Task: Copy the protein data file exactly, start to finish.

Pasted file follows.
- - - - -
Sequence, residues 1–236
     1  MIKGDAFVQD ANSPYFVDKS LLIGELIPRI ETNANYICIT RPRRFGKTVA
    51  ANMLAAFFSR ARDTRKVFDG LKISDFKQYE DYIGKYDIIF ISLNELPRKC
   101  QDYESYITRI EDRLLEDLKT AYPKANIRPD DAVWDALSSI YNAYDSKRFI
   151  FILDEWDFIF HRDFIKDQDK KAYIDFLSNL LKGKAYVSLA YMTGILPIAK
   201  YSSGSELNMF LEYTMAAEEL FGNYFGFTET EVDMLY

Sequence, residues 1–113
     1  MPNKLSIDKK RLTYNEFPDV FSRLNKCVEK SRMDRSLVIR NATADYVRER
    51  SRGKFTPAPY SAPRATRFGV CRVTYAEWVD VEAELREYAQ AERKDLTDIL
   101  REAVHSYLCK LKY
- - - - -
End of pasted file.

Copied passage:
Sequence, residues 1–236
     1  MIKGDAFVQD ANSPYFVDKS LLIGELIPRI ETNANYICIT RPRRFGKTVA
    51  ANMLAAFFSR ARDTRKVFDG LKISDFKQYE DYIGKYDIIF ISLNELPRKC
   101  QDYESYITRI EDRLLEDLKT AYPKANIRPD DAVWDALSSI YNAYDSKRFI
   151  FILDEWDFIF HRDFIKDQDK KAYIDFLSNL LKGKAYVSLA YMTGILPIAK
   201  YSSGSELNMF LEYTMAAEEL FGNYFGFTET EVDMLY

Sequence, residues 1–113
     1  MPNKLSIDKK RLTYNEFPDV FSRLNKCVEK SRMDRSLVIR NATADYVRER
    51  SRGKFTPAPY SAPRATRFGV CRVTYAEWVD VEAELREYAQ AERKDLTDIL
   101  REAVHSYLCK LKY